By Anne Armstrong, Religious Education Curriculum Coordinator
When I was a child our good friend and neighbour across the road gave birth to a much-wanted baby boy called Phillip. He was dearly loved, more so because he was a thalidomide baby. He was born blind and deaf and with a heart condition. He did not survive beyond his first few months. His mother never got over the grief of her first-born son. There was another mother whose grief for the death of her born is expressed in a sculpture of exquisite beauty and poignancy called the Pieta, which is found in St Peter’s Basilica. The statue was created by Michaelangelo when he was only 24 and captures the absolute agony of a grieving mother. The sculpture is carved out of a single piece of marble, the merging of life and death as a continuum of life is a profound expression of the theology of grace. Mary holds the lifeless body of her son, draped across her. She holds grief, literally, in the palm of her hand and sits with it, in grace and beauty.
Because of her grief, my neighbour suffered what we now understand to be undiagnosed post-natal depression. She was a faith-filled woman, with a great devotion for Our Lady and found comfort in the Rosary. In those days women were told to get on with it, have another baby and everything would be alright. Unfortunately for my friend and neighbour, conceiving was difficult, although she adopted a son a year or so later and after that had two daughters in quick succession.
I am still friends with a daughter born a few years after Philip. She has no memory of Philip except that he was the ghost of her childhood, the absent birthday and Christmas guest, the unseen but real presence in the family home. Whenever we meet in person, which is very rare since she lives in Perth, she always asks about my memories of Philip because she knows I carry memories of Phillip in my heart.
People do not get over grief, they learn to embrace it, to be grateful for the times they shared with their loved one. They learn to love the story telling that keeps the memory of their loved one alive. Story is the vehicle through which we carry their memory in our hearts. We should not expect people to ‘get over’ grief, we can encourage them to tell their story, to celebrate their physical presence on earth, to mark the places, songs and ideas that shaped their identity. When I was in Perth during the recent holidays, my youngest son insisted that we go to the cemetery to visit my mother and father’s grave. My mother passed away in 1999. She was a much-loved mother and grandmother, who lived for her family. She is remembered with much love by my husband and I and her three grandsons. She would have been overjoyed by her three Australian/Korean granddaughters.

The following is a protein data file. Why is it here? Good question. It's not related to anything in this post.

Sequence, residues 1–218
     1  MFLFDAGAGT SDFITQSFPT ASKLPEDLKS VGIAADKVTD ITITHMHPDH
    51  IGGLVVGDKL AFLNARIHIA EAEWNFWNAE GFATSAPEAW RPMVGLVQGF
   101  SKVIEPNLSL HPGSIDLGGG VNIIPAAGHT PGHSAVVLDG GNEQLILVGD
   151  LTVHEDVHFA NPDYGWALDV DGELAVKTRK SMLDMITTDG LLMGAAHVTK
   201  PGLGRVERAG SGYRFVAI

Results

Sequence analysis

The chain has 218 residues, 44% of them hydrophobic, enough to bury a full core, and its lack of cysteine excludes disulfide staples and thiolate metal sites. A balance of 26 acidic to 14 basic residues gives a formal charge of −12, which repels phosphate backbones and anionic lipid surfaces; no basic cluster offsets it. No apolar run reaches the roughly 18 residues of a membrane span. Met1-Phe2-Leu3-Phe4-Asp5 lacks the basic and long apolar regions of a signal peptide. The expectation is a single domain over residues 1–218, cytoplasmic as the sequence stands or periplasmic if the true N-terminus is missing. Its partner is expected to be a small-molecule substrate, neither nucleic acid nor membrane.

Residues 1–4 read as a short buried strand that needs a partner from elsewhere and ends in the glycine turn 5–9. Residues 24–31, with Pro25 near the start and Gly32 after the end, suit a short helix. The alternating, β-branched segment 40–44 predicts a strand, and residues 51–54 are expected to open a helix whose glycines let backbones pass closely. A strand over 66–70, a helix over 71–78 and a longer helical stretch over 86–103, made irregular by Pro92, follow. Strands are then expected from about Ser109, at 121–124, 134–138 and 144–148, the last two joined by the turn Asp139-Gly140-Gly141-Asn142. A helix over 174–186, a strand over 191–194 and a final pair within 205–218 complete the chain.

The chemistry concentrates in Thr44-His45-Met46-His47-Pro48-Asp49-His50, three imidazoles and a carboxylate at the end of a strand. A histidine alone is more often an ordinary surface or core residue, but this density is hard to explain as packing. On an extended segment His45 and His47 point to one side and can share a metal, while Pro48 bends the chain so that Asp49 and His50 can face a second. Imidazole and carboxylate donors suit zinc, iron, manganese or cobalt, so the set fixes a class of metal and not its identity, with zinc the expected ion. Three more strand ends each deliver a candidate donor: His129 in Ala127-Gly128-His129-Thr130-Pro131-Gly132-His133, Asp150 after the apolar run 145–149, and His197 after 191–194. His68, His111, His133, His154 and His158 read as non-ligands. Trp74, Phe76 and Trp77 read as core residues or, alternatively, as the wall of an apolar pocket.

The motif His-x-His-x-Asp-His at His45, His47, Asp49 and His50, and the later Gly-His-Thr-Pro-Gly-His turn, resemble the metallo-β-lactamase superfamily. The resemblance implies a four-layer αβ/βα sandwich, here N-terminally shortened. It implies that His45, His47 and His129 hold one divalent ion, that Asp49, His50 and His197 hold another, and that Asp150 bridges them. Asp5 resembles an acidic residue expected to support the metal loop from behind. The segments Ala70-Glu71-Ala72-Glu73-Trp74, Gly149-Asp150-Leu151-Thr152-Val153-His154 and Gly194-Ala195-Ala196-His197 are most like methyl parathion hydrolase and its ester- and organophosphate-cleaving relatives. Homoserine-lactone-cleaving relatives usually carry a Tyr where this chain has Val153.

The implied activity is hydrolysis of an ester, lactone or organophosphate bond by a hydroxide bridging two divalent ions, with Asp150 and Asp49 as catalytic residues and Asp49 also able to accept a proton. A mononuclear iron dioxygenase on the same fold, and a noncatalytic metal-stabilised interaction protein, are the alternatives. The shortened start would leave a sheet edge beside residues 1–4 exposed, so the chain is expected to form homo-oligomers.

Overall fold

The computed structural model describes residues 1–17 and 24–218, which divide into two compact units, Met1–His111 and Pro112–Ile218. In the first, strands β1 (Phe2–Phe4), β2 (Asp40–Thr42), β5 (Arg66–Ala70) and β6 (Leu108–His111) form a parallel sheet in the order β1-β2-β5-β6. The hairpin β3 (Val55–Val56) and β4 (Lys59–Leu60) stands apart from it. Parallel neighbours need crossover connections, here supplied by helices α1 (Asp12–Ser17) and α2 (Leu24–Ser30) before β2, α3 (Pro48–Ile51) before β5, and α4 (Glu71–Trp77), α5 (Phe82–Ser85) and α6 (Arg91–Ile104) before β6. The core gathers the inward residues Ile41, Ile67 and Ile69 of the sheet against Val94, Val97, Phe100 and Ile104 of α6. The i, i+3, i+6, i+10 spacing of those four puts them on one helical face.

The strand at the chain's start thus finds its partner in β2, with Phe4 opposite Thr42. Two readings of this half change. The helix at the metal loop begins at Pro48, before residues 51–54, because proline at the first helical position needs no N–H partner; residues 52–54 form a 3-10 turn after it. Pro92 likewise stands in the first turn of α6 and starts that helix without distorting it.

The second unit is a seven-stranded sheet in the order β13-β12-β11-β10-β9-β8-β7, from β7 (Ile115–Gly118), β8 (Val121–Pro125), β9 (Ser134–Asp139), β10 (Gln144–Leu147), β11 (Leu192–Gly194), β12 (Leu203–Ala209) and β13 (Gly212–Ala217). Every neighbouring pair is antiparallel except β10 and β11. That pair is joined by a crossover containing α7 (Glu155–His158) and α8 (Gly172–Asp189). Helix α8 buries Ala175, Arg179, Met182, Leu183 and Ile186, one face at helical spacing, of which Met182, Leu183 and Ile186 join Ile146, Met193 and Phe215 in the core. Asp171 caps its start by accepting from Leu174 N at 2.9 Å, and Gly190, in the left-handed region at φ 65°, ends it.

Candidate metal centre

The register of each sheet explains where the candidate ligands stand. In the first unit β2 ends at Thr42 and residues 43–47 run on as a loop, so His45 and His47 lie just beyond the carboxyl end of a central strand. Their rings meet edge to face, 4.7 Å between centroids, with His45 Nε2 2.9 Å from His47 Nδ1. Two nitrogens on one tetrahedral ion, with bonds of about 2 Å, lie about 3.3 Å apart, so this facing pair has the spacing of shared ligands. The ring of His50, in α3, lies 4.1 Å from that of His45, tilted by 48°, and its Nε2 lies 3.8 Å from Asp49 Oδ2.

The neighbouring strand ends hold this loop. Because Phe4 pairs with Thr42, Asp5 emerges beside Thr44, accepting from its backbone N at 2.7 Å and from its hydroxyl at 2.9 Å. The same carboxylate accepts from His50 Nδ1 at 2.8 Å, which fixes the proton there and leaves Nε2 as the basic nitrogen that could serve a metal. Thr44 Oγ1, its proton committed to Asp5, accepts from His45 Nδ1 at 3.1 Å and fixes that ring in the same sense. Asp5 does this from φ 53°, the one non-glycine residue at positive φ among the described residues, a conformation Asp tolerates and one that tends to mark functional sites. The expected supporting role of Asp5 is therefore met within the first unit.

One of my favourite poets, E.E. Cummings wrote a beautiful poem (I carry all in my heart) which captures the essence of mother love, indeed, to me, it captures the God-love for all of us. This God-love we celebrate especially on such Feast Days as Mother’s Day, which this year happened to coincide with the Feast of the Ascension. There is a commonality between the two feasts. The Ascension is a rising, beyond a physical reality. We can only understand the Ascension through metaphor. For me it is about a love which calls us to live in communion with the one who loved us enough to die for us; the one who went before us to prepare a place for us when our earthly days come to an end.
Mother’s Day and the Ascension both remind us that we are called to live in love, celebrate love, marvel and ponder at the mysteries of love and give thanks for the life that such love gave to us.
We bless all those who carry our hearts in their hearts. We give thanks for many religious women, particularly the Sisters of the Good Samaritan who have modelled for us love and nurture of neighbour and community. May we be nurtured and sustained by the love that bore us, the love we bear for those we have loved, and may we know that our departed loved ones walk with us in communion with the God present among us.
I encourage you to read The Good Oil available at this site the monthly magazine of the Good Samaritan Sisters, who have gifted us with our own Sister Sue Hallams, our Pastoral Worker. The Good Oil inspires us and challenges us with insightful stories about the role of the Church and the role of women in the Church today.
The following articles might also illuminate and encourage your understanding of the role of women in nurturing the Church, their families and the environment